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WMG’s Songkick signs new deals with Facebook and FNAC

We say ‘WMG’s Songkick’ here to differentiate the concert-discovery website and app – which the major label acquired last year – from its former owner, which shut down operations but went on to prevail in its legal battle with Live Nation.

It’s business as usual for WMG’s operation, which announced a pair of new partnerships late last week. One is with Facebook, which will be integrating concerts and events from Songkick into its platform.

The other is with French retailer FNAC: a data-sharing agreement that (courtesy of FNAC’s ticketing business) will also extend to e-commerce. WMG has also signed deals with Pandora and Vevo in recent months, which the company says has helped boost Songkick’s monthly active users by 43% in the last year.

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Live Nation settles Songkick lawsuit for $110m

There has been a surprise ending to the long-running legal battle between Live Nation and the owners of ticketing firm Songkick: a $110m settlement that sees Live Nation acquiring some of the company’s remaining technology assets and patents. This, despite Songkick suffering several setbacks as it pursued litigation against the live-entertainment giant.

“We are pleased that we were able to resolve this dispute and avoid protracted and costly legal proceedings, while also acquiring valuable assets,” said Live Nation president Joe Berchtold in a statement.

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Songkick app: ‘We won’t be selling tickets ourselves…’

Songkick the company is shutting down, ending its ticketing operations after a punishing legal battle with Live Nation and Ticketmaster.

Songkick the concert-recommendations app, however, is very much alive and kicking, having been sold to Warner Music Group earlier this year.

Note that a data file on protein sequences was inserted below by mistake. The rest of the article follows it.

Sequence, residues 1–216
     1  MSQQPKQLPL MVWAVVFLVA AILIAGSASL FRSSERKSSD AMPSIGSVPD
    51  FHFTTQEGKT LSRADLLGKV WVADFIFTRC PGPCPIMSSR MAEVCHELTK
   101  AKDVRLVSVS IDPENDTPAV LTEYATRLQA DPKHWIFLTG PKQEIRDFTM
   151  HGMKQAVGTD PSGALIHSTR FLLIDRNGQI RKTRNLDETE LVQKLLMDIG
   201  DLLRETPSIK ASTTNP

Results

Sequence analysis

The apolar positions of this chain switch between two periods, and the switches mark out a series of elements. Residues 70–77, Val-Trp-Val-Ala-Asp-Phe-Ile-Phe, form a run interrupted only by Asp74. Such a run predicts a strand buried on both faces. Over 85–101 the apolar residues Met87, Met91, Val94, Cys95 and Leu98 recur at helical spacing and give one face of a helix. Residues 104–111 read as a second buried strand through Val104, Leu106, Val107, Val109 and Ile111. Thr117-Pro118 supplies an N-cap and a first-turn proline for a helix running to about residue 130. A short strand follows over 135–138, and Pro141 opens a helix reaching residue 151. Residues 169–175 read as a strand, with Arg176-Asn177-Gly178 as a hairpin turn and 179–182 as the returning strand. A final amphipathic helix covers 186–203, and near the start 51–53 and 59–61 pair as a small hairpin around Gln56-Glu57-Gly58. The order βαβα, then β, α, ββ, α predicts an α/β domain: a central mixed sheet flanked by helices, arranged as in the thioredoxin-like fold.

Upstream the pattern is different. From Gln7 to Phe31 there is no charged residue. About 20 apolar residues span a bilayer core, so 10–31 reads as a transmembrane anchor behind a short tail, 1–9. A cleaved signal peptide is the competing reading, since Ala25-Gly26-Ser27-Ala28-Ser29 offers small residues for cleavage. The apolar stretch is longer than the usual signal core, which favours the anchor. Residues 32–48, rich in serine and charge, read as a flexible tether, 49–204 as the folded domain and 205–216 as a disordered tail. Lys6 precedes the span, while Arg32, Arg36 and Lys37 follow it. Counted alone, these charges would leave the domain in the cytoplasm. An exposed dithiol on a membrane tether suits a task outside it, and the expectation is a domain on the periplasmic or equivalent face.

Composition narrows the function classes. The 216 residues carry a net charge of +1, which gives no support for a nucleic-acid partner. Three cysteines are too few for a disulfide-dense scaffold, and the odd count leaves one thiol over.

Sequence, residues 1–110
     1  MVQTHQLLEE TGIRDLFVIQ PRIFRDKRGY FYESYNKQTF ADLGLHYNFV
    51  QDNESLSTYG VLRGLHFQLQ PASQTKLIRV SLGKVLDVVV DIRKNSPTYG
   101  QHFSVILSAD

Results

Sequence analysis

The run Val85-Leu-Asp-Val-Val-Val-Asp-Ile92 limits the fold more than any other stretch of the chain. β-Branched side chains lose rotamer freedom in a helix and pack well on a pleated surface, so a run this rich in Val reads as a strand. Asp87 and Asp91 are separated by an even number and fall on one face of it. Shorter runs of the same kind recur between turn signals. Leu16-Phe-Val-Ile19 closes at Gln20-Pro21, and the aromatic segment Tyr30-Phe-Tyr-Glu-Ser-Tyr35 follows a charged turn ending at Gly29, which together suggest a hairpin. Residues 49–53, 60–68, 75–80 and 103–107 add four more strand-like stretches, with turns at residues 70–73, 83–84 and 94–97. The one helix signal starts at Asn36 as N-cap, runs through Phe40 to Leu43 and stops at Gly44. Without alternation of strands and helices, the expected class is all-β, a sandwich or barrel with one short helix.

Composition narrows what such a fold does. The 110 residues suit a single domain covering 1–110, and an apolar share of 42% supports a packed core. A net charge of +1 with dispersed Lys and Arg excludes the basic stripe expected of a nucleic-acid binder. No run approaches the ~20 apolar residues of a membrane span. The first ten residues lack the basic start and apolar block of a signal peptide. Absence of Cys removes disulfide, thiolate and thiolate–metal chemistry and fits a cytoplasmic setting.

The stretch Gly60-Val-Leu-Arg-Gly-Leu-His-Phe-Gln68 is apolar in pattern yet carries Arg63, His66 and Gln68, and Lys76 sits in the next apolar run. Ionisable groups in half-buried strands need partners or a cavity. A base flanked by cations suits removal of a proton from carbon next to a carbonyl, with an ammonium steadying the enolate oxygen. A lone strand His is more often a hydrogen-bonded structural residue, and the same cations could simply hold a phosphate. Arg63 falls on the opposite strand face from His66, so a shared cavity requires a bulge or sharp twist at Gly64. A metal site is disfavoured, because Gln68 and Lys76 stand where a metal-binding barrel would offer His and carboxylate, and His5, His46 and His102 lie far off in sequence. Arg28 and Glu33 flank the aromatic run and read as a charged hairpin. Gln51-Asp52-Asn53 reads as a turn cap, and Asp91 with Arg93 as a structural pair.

To head off potential confusion for its users around the corporate-shutdown news, the app’s team published a blog post late last week to clear things up.

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Warner Music buys Songkick concert-discovery assets

Gig-discovery startup Songkick merged with artist-ticketing firm CrowdSurge in 2015, raising $16m from investors including Access Industries in the process.

Two years on they are now de-merging, with Songkick’s discovery app, website and trademark being sold to Warner Music Group – owner: Access Industries – leaving the ticket business as a standalone operation.

That’s a careful move: “The acquisition excludes Songkick’s ticketing business and pending litigation associated with the ticketing business,” announced WMG, referring to the ticketing firm’s legal action against Live Nation / Ticketmaster.

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Songkick makes new allegations against Ticketmaster

Things had gone quiet in ticketing firm Songkick’s lawsuit against Live Nation and Ticketmaster: after accusing the companies of antitrust violations and anticompetitive behaviour, Songkick was knocked back by a US court in its efforts to secure a preliminary injunction.

Now the legal battle is heating up again, with a series of new allegations from Songkick concerning a former employee who moved to Ticketmaster.

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Adele tickets can only be resold on Twickets for (at most) face value

If you’ve been trying to get tickets to see Adele’s gigs at Wembley Stadium in London next June and July, the sheer weight of demand may have made it a frustrating experience. Especially if you’ve also seen tickets for those gigs pop up on secondary sites with vast markups.

Here’s some good news: there’s a high chance the people trying to flog their tickets on those sites will have them cancelled, rather than trousering a profit.

Posted inAnalysis, News

Analysis: what’s the real cost of secondary ticketing?

Chance The Rapper, Iron Maiden, Mumford & Sons, Pixies and more are getting louder and louder about what they see as the scourge of secondary ticketing. They feel fans are being fleeced and a stand has to be made.

Beyond the fan-centric altruism, there is a bigger story about the “dark economy” around secondary where billions of dollars a year are bleeding away from artists and into both the secondary platforms’ bottom lines as well as the hands of avaricious “power sellers”.

Just how much is at stake and what, if anything, can be done to cauterise this value gap that makes the record labels’ war on YouTube look like small beer?